More than 300 students in Santiago were arrested in massive demonstrations for free, quality education for all Chileans. Marches took place in Santiago, Valparaiso, and other cities. And YES, there’s a Harlem Shake video with this story.
Police in Christchurch, New Zealand have arrested a suspect in the brutal beating of Cricketer Jesse Ryder and charged the 20-year old suspect with Assault. They’re apparently also looking for another suspect.
Despite the efforts of United Nations Ambassador Peter Woolcott, Iran, Syria and North Korea spiked an attempt by the United Nations to curb and control the sale of conventional arms.
People lined up outside banks on Cyprus to do business for the first time in two weeks. The government had closed the banks to prevent a run on cash during the island nation’s economic crisis. The Cypriot government is also ordering an investigation of what might have caused the crisis.
More medical trouble for a famous world leader; A doctor is charged with leading a ring of physicians who killed instead of cured; And North Korea keeps threatening the outside world, but who is Pyongyang really talking to?
Police found a large assortment of weapons in the home of Adam Lanza, the young man who murdered 20 first graders and six teachers at a school in Newtown, Connecticut in December. And newly released papers say the young killer was able to fire 155 bullet in five minutes, using semiautomatic weapons with extended clips.
Mortar fire killed at least 15 students at the University of Damascus in Syria’s capital. The government was quick to blame rebels, who’ve been increasing the use of mortars as fighting in Damascus gets worse.
Gay Rights have been before the Untied States Supreme Court this week, and initial indications are that the controversial law defining marriage as between one man and one woman may be struck down, opening the door to Marriage Equality in the USA.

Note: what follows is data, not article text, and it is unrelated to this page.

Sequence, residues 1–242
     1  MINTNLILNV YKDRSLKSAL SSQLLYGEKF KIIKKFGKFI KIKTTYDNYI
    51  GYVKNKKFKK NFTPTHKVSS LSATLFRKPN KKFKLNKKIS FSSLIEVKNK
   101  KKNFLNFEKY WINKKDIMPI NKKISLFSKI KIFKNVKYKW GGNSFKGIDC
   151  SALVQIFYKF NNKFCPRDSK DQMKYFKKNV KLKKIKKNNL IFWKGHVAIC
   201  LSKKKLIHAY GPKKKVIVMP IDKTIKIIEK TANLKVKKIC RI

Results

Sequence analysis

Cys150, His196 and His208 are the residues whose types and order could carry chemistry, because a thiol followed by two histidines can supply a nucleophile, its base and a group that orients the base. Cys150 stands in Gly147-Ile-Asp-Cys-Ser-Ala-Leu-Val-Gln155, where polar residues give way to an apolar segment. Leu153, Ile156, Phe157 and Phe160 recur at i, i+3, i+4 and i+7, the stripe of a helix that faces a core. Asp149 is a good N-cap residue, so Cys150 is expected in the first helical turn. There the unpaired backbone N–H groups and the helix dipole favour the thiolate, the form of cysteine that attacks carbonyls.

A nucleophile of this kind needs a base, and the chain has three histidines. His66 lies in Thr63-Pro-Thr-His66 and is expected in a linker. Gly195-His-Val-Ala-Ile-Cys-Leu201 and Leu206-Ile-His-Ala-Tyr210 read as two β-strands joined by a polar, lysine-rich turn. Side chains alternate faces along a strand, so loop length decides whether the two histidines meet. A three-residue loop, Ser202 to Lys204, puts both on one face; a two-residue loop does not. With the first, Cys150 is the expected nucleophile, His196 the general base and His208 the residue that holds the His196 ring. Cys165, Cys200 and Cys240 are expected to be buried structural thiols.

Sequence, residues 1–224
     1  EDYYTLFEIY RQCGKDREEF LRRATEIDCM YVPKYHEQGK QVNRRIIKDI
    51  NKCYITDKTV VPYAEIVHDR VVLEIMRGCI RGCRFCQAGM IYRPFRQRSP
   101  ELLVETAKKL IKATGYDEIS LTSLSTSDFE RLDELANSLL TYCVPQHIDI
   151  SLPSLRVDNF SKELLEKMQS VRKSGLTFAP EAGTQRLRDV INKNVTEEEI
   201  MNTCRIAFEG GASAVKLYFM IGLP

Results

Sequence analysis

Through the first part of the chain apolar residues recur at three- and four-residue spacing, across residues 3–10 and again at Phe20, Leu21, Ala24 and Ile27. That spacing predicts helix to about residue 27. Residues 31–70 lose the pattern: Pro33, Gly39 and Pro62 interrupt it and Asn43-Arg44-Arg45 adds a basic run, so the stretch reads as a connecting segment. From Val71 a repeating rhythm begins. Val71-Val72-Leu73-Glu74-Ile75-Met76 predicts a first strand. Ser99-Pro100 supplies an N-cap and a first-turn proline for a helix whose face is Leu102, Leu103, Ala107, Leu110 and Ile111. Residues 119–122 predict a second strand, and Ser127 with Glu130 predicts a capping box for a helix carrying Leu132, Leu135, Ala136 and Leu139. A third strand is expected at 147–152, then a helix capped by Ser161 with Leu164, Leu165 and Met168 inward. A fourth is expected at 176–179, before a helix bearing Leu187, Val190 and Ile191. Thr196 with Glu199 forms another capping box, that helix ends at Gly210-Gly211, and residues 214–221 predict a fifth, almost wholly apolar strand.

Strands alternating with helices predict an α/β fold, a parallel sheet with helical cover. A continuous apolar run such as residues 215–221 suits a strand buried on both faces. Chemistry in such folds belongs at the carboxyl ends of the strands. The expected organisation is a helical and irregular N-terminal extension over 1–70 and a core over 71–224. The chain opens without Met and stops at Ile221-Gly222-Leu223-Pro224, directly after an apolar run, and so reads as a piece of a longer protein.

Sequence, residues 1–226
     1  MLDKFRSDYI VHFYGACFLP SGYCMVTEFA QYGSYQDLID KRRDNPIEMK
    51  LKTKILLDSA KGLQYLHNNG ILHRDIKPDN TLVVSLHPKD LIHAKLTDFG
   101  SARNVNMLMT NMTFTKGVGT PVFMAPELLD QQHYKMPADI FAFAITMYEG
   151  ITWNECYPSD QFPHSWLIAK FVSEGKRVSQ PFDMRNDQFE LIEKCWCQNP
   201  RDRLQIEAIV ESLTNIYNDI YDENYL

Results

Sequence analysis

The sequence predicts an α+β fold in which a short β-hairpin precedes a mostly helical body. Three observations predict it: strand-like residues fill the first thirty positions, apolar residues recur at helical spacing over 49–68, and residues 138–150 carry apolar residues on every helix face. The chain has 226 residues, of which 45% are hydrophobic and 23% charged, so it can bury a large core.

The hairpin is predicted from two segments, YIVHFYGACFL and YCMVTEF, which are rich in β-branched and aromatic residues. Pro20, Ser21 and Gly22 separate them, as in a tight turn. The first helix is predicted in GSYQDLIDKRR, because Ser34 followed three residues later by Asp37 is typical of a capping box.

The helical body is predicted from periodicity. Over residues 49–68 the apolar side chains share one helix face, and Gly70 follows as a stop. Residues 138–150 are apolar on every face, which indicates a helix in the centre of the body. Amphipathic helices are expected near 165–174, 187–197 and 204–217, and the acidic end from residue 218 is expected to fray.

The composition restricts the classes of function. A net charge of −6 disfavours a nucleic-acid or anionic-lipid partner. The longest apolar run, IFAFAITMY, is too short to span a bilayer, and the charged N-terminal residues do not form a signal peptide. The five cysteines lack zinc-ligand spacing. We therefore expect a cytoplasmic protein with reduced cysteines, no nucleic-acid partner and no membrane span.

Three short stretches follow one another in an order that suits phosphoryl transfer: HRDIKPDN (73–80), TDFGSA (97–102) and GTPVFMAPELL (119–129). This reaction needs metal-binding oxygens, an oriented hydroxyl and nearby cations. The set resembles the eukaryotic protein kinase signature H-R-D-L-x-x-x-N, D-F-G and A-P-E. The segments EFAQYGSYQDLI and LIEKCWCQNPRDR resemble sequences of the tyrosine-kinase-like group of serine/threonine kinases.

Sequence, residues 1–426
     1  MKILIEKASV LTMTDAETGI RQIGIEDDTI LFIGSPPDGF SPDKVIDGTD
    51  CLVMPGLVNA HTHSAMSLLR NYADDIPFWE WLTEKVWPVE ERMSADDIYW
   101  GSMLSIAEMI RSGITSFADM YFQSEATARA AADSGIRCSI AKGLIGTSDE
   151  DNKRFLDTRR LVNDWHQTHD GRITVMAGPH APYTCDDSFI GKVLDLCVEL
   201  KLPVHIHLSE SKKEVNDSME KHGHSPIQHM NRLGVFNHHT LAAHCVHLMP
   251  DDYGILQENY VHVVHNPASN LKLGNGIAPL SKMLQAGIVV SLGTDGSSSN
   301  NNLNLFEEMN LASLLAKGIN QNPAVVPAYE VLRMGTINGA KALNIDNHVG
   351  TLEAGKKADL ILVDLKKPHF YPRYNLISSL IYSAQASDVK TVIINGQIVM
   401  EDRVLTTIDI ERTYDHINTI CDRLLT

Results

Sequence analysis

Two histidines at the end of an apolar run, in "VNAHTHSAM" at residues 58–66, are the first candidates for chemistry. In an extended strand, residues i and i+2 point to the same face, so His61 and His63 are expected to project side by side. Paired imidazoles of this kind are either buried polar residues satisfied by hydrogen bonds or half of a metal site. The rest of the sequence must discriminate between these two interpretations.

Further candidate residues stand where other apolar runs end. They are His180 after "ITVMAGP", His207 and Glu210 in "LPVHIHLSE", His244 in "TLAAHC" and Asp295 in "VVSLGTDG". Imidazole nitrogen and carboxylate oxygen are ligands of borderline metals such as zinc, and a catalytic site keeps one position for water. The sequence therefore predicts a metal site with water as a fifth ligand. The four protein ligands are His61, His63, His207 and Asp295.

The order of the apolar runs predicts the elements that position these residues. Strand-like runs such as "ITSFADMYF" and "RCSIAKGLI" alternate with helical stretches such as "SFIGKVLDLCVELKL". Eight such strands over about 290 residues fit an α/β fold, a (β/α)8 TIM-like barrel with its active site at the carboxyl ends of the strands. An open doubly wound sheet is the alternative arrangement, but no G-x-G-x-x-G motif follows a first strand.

Federal authorities in Mexico have agreed to investigate a local police chief after fed-up villagers formed an enormous posse and took over a town in the southwest.
The exasperated head of Italy’s Center-Left bloc can’t reach a deal to form a new government, leading him to declare that “Only a mentally ill person could have a burning desire to govern right now."
A new study says commonly used pesticides disrupt brain function in Honey Bees in Europe and North America. The research backs up the idea that pesticides are, at the very least, a component of Colony Collapse Disorder (CCD).
Moscow is stepping up its swing to the authoritarian right. Russian police raided the offices of Human Rights Watch, Greenpeace, and others in its crackdown on so-called “foreign agents” that have been critical of Vladimir Putin’s increasingly oppressive Kremlin.
China is admitting one of its navy ships fired on a Vietnamese fishing boat, but insists it was just firing flares. Hanoi says the boat has severe fire damage in the latest provocative maritime confrontation between China and its neighbors.
An Argentine software company is undoubtedly annoying some in the UK with its new release: A video game showing the Argentine police recapturing the Falkland Islands from British “terrorists”.
Japan and Australia are planning to sanction North Korea’s Foreign Trade Bank as part of the international crackdown on money going to fund Pyongyang’s nuclear program.
A Russian-born teen is reopening wounds over American adoptions of Russian kids, now banned in the Motherland. He left his adoptive parents in America and returned to his birth family in a provincial town on the Volga River.
Toronto’s Conservative mayor Rob Ford is lashing out against reports he’s got a drinking problem, and it makes him prone to public drunkenness and embarrassing behavior. Allies and the mayor’s brother are rising to his defense.
Italy’s Supreme Court chose double jeopardy and reversed the acquittal of American college student Amanda Knox in the former of her former roommate, Meredith Kercher. Knox is vowing to fight the charges.